Change of address.
For the benefit of any of my fans who are still reading this (Sid and
Doris Bonkers only – the other two have gone out to rob a bank, so that they can
buy Pluto boards), here is my new address:–
__ ________ ______,
And now it is software review time!
In line with my current policy of megalomania, I propose to review 96K of
programs in one go. The programs are all by Level 9 Computing, of High Wycombe.
As you may have noticed, 96K is three times 32K, and I have been playing three
adventure games, each of nominally 32K size. These run on Nascoms with Nas-Sys
and at least 32K of memory, but they also work on my system, under the control of
my fairly famous MONITOR.COM program. This is because sensible software authors
always use the standard Nas-Sys way of calling the necessary monitor routines,
rather than accessing the screen memory directly. In fairness, I should point out
that the Syrtis adventure also works perfectly on systems with MONITOR.COM
instead of Nas-Sys, which I forgot to mention in my review of their program.
The programs are called “Colossal Adventure”, “Adventure Quest” and
“Dungeon Adventure”. They are supplied on very good tape, which loads with no
bother, apart from the volume being so high that it endangered the VU meter
needles on my tape machine! Documentation is provided with each game in the form
of a small book. Also included is a stamped addressed envelope which you can use
to request a free hint. This is a fine idea, although they warn that if you ask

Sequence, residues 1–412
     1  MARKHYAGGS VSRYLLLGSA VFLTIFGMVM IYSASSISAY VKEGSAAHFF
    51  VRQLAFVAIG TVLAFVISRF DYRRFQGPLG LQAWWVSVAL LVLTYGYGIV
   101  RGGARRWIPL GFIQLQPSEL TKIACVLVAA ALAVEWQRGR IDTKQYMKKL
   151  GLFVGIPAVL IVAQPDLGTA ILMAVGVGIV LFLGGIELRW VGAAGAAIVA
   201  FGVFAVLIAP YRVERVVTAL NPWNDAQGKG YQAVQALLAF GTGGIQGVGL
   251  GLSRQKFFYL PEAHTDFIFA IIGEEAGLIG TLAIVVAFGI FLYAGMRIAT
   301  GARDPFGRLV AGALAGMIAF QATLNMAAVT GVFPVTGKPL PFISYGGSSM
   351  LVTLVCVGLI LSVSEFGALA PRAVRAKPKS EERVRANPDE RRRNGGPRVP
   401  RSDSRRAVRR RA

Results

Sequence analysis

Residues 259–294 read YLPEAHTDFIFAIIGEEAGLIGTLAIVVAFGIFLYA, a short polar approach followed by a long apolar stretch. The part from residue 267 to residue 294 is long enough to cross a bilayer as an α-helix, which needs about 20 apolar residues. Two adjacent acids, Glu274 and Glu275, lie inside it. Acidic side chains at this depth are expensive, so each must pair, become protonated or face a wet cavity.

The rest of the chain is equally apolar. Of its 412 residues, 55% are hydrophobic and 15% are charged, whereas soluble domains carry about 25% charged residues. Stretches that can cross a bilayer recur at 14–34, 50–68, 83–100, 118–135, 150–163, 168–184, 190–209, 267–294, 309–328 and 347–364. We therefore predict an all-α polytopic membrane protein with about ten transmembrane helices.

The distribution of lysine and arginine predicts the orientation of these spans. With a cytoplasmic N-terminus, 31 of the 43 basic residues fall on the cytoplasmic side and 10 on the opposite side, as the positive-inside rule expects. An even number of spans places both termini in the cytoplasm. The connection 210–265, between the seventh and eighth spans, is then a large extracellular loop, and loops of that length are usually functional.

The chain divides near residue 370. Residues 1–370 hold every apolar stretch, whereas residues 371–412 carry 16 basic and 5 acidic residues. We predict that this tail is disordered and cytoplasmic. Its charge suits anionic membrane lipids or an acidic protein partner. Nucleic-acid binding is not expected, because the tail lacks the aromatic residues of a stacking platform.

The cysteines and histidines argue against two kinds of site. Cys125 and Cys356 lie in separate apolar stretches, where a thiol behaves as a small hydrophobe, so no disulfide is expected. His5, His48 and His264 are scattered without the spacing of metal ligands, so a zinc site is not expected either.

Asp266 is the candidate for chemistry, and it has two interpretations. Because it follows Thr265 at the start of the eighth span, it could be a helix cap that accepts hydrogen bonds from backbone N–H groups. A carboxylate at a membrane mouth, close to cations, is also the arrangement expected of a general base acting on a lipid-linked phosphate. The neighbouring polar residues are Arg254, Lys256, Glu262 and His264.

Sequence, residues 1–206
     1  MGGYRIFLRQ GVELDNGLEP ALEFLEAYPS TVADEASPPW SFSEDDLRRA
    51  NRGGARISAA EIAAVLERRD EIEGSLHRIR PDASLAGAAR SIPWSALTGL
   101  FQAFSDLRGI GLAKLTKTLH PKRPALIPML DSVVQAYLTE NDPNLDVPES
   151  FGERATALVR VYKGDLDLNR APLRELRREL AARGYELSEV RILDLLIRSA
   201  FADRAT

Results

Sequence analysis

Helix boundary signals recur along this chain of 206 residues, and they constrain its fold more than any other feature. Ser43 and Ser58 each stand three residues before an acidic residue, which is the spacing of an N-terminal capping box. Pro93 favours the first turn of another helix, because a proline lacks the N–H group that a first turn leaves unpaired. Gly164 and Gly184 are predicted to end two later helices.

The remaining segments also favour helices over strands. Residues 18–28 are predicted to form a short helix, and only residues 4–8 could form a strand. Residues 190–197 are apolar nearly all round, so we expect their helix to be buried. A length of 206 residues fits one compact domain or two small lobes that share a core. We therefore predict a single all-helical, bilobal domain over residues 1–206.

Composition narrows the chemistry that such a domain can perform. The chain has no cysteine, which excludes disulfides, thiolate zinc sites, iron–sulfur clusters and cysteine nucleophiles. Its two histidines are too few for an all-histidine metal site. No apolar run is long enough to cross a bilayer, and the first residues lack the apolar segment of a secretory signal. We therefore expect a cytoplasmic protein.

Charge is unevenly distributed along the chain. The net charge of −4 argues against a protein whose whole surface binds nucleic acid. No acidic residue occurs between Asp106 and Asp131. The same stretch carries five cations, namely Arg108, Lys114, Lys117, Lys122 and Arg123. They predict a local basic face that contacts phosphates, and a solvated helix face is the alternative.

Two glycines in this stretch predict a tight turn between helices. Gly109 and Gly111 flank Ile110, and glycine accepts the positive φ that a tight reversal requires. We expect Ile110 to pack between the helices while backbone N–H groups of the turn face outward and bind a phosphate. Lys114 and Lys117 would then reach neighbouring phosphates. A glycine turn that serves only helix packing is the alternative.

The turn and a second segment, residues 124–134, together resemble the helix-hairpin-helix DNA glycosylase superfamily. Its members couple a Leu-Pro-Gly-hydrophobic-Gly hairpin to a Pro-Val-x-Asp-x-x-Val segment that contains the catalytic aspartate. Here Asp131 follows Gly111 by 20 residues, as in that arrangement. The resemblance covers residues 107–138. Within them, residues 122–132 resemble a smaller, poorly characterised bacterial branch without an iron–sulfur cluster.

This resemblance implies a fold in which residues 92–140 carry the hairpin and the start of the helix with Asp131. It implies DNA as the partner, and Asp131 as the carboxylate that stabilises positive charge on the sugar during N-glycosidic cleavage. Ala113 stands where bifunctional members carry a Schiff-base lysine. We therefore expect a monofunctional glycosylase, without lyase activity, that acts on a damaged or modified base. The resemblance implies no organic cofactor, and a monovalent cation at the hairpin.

for too much the replies may be somewhat cryptic.
The first of the three games is a fairly standard implementation of the
original cave adventure, in which you have to fetch all the treasure out of
Colossal Cave, and bring it back to the hut in the woods. This is almost the same
in its topography as the Syrtis version, with the exception that a few objects
are in different places, and there is a picnic area in the woods that can be
surprisingly dangerous, if you behave anti-socially! The program does not give as
full a description of some places as the Syrtis one, and does not ask you if you
want hints. The authors say that this gives them room for an extra 70 locations
in the cave, which they refer to as the “end-game”, and it could well be so, if
only I could find them! I still don’t know how to procede beyond the infuriating
“Plover Room” without falling down a pit. When I eventually resorted to the
practice of copying the program into the screen memory, to see what words it
would let me use, I found that about 2K at the end consisted of the “a-code”
source from which the program was compiled. There are more spelling errors in
this program than in the Syrtis one, although they may well have been corrected
in later versions.
“Adventure Quest” starts out in the same forest as the previous program,
and you can even find the grate that used to lead to Colossal Cave, but you can
no longer get down there. The idea this time is to find a nasty character called
Agaliarept (etymology obscure, as they say in dictionaries!) and do him in. Of
course, it just isn’t that simple; you can’t even begin to think about attacking
him without doing a lot of exploring, and finding the necessary weapons. I am
still getting a lot of fun out of this program, and seem to have found about a
third of the locations there are supposed to be. I have had considerable problems
with a model lung-fish that lurks in one location, and think I have found an
original way to cheat the giant sand worms that trundle around in the desert. So
far, I am still getting rotten scores, and am nowhere near beating Agawhatsit. I
have even resorted to drawing maps, which purists amongst the adventuring
fraternity would no doubt frown on, unless the program said that they were
carrying a pencil and paper!